New Stryker Center bigger, more high tech

svaughan@vagazette.com

WILLIAMSBURG — More than two years after demolition of the city's old Stryker Building, the new Stryker Center is set to open Monday.

That means City Council will get out of it's temporary quarters in the third floor conference room at the Municipal Building and that the Williamsburg Regional Library will soon have much more space for meetings and conferences.

The Stryker Center along North Boundary Street is much bigger and more hi-tech than its predecessor, built in 1967.

At 15,995 square feet, the new $6.4 million building is more than half again as large as the old Stryker Building.

That new space is divided between facilities for City Council, including a new council chamber and a work room, the Williamsburg Regional Library, which will have five administrative offices and five meeting rooms in the Stryker Center, and a 1,680-square-foot public exhibition/reception space.

The building will have one mens rooms and one women's room.

The new council chamber will have seats for 123 people. There is also a large monitor outside the chamber that will allow the rare overflow crowd to watch from the lobby.

A new look

The new council chamber is also wider, deeper, taller and brighter than the one in the old Stryker Building. The only natural light in the old chamber came from small windows high on one wall. The new chamber has a skylight and a large floor-to-ceiling window in one corner.

Natural light will be a theme throughout the building; the exhibit/reception area facing the library building is glass fronted.

The Stryker Center is built in a much-different style than the Stryker Building, a fact that some have decried. The lawn that formerly bordered the building on North Boundary Street is gone, the Stryker Center sits right on the sidewalk. That larger footprint allows it to have more space than the Stryker Building, even though it's only one story, instead of two.

Now, instead of the entire audience needing to vacate the chamber for a closed session, the five council members can go into a work room, the same procedure that's followed in James City County.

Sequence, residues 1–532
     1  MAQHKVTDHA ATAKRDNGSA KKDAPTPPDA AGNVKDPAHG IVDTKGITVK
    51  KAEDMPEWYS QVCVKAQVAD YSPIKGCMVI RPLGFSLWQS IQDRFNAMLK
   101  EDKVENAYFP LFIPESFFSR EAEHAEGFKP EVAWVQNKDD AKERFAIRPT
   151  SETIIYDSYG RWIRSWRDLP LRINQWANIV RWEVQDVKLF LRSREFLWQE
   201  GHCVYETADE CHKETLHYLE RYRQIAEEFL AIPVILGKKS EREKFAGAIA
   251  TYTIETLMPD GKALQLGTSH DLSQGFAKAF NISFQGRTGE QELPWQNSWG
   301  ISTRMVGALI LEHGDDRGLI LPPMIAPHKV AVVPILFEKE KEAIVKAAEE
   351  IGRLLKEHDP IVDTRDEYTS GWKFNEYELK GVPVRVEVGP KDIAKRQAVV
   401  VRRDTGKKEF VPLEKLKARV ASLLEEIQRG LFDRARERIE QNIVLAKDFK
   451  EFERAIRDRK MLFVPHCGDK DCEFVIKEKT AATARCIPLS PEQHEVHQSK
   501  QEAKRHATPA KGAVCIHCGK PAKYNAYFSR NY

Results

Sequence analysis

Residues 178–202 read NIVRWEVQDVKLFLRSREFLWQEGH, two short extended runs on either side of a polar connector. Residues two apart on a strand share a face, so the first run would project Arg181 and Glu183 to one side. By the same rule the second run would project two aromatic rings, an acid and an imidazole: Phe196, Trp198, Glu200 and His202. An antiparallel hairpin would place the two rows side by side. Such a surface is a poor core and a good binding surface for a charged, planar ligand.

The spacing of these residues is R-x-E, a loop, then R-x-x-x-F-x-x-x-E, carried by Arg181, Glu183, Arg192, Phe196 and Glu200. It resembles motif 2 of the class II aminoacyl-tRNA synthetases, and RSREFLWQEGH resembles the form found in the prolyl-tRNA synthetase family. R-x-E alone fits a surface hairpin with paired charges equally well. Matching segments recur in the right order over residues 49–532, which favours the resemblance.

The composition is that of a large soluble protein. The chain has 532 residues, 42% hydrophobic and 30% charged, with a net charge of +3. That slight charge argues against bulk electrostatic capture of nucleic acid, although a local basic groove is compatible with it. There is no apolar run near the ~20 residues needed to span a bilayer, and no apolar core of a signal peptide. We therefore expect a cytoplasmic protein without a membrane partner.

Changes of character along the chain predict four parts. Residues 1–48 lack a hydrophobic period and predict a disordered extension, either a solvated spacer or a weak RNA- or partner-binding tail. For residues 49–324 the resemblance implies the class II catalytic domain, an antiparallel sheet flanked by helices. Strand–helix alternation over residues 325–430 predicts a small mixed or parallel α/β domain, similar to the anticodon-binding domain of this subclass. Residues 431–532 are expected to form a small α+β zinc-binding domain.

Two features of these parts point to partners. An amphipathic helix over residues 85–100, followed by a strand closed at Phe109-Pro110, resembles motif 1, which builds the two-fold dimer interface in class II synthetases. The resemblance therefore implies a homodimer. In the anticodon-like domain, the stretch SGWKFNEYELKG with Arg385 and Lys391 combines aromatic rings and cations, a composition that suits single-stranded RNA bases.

"The new Stryker Center is a wonderful addition to City Square. A strikingly beautiful and elegantly functional work of architectural art, the building greatly expands the ability of the Williamsburg Regional Library to serve the community while also providing a site for the transparent functioning of the City's government, all just a stone's throw from where local government began here in 1699," Mayor Clyde Haulman said Thursday. "As a place for community interactions, exhibits, lectures and performances, the Stryker Center brings a new level of excitement and purpose to City Square and to downtown Williamsburg."

New demands, same name

The building retains the name "Stryker," in tribute to Henry M. "Polly" Stryker who served on City Council from 1933 to 1968 and as mayor from 1948 to 1968. That era saw many landmark decisions that still affect the city, including the purchase of Waller Mill Reservoir, the start of city-wide land-use zoning and the creation of the joint school system with James City County.

The city had been looking for more than a decade at replacement of the original Stryker Building, which had issues with mold, temperature, humidity, ventilation and was not in compliance with the Americans With Disabilities Act. A 2002 engineering survey recommended demolition and replacement rather than renovation.